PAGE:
This isn’t just your garden variety of sports maladies—it’s an outright epidemic. During a season in which injuries across the league have seemingly skyrocketed, the Lakers have resembled a Typhoid Mary of broken bones, injured knees, ruptured tendons, herniated discs and more.
The team lost 184 games last season due to injury and are already at 176 missed games this season. Is this a red flag for potential free agents?
Injuries are always a part of the game, and for the moment, most players will be thinking about the current season. Come this summer, however, that could change.
Meanwhile, the Lakers’ problems continue. Steve Nash has missed 74 out of 133 games since joining the Lakers. On Sunday against the Chicago Bulls, he got kneed in the exact same spot where he fractured his leg last season. That original fracture, of course, led to the nerve root issues that have plagued him ever since.
Fortunately, this latest mishap doesn’t seem to be serious, with Nash hoping to play Tuesday against the Jazz.
It’s easy to point to age as a culprit—Nash turned 40 last week. It’s not so easy to use that as an excuse for the team’s woes on whole, however. The Lakers’ injury parade seems to have no preference, striking both the old and chronically beat-up, and players who have been relatively unscathed.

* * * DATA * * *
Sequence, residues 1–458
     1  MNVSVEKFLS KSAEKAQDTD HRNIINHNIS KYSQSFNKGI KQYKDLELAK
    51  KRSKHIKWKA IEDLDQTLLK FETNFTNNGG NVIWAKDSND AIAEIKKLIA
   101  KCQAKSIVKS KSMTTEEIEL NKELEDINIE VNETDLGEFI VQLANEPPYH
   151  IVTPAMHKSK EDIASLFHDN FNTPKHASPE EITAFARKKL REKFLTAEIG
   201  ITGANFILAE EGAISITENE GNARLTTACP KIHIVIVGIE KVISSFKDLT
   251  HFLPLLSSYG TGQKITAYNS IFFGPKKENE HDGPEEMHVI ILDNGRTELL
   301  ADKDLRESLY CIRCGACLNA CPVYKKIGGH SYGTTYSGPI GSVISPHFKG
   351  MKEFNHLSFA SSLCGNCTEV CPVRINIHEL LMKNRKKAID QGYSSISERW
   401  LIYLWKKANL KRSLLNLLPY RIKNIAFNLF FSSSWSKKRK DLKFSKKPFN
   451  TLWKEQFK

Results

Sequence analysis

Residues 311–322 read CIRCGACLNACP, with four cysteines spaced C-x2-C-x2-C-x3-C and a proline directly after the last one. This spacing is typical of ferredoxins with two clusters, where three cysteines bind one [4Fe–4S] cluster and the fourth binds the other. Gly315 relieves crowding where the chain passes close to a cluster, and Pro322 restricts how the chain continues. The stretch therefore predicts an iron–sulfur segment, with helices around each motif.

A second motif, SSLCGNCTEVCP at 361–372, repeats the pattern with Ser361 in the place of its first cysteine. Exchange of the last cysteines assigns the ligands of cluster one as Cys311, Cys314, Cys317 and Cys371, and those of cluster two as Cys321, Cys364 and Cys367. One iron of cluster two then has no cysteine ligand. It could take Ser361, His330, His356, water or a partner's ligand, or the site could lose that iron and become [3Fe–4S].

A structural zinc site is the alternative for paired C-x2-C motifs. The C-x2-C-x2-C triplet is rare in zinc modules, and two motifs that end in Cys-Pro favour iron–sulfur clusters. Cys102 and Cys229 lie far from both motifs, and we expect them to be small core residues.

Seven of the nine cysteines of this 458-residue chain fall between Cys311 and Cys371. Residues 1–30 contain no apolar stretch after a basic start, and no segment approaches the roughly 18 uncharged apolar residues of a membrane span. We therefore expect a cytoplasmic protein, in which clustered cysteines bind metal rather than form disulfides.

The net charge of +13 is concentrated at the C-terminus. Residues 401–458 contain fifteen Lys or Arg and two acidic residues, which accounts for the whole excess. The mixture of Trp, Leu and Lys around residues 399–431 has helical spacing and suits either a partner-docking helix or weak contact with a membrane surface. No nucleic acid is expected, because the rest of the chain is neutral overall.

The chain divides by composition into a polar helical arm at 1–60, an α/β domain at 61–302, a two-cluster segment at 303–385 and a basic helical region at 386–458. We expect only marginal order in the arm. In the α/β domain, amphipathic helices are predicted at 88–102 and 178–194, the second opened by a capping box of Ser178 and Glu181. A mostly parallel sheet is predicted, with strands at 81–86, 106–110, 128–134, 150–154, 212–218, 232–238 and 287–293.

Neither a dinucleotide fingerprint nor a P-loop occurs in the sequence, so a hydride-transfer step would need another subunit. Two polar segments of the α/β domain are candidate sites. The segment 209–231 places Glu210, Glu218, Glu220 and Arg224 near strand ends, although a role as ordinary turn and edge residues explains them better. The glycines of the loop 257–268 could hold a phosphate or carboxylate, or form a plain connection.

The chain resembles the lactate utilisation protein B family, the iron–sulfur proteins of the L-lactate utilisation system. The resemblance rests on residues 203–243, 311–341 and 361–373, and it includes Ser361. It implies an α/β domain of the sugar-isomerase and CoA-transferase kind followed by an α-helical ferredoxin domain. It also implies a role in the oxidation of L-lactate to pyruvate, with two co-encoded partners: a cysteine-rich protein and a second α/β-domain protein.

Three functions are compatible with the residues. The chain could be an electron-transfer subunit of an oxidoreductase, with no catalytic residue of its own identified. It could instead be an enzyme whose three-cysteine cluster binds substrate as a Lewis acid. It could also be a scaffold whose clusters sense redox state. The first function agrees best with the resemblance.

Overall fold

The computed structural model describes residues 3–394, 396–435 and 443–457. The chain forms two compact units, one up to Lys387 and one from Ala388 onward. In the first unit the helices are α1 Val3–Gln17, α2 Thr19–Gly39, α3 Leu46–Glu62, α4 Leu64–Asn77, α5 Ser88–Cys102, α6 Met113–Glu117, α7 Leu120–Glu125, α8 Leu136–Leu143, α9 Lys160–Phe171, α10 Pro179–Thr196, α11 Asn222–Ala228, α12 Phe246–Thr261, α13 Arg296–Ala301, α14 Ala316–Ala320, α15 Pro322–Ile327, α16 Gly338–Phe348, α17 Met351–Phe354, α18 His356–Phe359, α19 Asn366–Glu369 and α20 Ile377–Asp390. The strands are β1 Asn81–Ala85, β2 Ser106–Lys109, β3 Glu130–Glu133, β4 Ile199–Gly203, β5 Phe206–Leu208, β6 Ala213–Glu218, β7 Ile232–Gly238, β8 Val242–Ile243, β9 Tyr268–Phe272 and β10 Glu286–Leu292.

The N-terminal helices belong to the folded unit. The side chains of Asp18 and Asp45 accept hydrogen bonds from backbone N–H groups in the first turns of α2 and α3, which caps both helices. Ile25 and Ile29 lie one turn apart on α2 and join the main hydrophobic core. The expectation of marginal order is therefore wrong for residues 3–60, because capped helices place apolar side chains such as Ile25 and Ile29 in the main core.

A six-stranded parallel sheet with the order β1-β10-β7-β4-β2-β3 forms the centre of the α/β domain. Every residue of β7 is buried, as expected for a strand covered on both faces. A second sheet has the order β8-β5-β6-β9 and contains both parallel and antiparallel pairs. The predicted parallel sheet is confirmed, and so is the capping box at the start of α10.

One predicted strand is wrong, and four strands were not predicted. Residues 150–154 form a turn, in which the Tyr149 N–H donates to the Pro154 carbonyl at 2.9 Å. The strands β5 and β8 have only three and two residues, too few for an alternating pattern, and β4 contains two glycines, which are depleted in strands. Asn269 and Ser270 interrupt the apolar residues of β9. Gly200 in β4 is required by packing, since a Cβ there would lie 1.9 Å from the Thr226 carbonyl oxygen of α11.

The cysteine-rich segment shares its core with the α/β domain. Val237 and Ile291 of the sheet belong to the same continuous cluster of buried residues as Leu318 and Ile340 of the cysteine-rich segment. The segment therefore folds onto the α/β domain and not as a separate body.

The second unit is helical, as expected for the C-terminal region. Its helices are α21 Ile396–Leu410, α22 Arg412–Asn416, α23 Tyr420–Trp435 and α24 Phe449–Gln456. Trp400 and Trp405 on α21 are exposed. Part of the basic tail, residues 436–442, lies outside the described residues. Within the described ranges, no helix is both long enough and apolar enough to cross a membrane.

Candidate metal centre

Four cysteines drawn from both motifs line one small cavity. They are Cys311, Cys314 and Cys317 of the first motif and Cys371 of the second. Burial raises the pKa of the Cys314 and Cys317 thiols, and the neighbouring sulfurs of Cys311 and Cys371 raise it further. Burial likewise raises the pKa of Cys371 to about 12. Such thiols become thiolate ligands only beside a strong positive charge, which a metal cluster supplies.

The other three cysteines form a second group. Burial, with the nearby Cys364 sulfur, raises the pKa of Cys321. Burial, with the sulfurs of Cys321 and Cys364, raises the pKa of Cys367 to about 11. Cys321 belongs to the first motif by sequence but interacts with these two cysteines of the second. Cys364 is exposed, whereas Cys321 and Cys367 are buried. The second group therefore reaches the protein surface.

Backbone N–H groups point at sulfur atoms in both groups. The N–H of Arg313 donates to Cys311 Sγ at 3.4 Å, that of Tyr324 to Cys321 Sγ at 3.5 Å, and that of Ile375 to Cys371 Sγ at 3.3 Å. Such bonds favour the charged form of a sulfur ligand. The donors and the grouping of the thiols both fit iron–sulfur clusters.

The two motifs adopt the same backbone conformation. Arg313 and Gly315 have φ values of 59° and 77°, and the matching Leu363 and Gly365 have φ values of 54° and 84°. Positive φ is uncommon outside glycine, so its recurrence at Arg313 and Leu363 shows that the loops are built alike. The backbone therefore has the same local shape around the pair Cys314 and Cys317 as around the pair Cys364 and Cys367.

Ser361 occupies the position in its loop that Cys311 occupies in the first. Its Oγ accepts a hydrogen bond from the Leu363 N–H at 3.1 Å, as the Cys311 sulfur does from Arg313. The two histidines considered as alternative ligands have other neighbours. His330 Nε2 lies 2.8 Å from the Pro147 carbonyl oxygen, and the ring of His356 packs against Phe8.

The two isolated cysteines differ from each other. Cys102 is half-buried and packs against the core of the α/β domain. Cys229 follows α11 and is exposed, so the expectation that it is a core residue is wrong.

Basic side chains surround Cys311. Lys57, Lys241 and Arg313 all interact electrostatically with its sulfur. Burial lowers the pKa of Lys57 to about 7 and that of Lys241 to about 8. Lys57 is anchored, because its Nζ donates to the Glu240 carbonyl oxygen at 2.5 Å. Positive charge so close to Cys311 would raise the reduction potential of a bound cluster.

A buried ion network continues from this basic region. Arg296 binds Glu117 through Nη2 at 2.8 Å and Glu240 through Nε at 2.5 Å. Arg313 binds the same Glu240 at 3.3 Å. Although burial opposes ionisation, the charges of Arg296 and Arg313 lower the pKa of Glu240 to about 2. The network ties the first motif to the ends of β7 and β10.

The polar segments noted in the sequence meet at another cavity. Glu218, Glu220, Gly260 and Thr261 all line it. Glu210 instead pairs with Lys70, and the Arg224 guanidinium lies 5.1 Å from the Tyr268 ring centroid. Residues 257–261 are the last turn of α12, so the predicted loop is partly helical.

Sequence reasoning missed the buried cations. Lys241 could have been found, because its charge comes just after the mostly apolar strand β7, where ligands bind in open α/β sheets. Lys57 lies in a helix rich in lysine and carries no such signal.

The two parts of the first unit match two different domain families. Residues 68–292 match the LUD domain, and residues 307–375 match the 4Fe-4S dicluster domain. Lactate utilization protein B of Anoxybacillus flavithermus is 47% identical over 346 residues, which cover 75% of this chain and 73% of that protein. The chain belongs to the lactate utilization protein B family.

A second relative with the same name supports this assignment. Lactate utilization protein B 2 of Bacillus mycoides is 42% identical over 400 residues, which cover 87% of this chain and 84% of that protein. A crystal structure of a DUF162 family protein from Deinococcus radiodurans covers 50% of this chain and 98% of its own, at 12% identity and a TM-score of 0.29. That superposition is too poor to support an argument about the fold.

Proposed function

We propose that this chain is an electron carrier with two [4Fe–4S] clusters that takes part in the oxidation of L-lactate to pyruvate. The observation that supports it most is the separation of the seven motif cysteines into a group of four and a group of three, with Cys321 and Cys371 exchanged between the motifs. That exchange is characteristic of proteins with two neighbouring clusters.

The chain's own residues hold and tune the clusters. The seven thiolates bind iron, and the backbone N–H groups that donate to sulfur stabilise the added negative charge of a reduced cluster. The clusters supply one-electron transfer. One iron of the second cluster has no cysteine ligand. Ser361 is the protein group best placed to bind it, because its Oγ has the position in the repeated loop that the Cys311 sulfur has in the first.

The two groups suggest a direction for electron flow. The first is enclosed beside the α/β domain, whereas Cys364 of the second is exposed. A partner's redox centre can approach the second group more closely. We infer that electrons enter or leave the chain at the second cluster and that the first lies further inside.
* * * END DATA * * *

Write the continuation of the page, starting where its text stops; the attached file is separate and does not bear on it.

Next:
On February 5 against the Cleveland Cavaliers, Nick Young suffered a non-displaced fracture of his left patella. It seemed like one more freak occurrence for a player who had been doing fine all season.
The never-ending carousel has Lakers head coach Mike D’Antoni throwing new starting lineups onto the floor, necessitated by whatever bodies he has available at the time. Every member of the roster has started at least five times this season.
Is there anything to the notion that something’s poisoning the Lakers’ well? Should free agents be concerned, or is this simply a matter of random happenstance?
In addition to Nash and Young, other injured Lakers this season have included Steve Blake with a torn UCL; Jordan Farmar with back-to-back hamstring tears; Pau Gasol with tendonitis, a toe injury and strained groin; Xavier Henry with torn cartilage in his right knee; Chris Kaman with back spasms; Jodie Meeks with a badly sprained ankle; Jordan Hill with a cervical strain and rookie Ryan Kelly who was still rehabbing from foot surgery when the season began.
And then, there’s Kobe Bryant. The Lakers’ five-time NBA champion tore his left Achilles tendon last April, requiring reconstructive surgery. Until the injury, he was No. 3 in the NBA in minutes played that season. After a lengthy recovery, he returned to action in December, lasting just six games before fracturing the lateral tibial plateau fracture in his left knee.
The question of whether Bryant’s usage played into his injury has been widely debated. Per Dave McMenamin for ESPN Los Angeles, Bryant’s former coach Phil Jackson weighs in: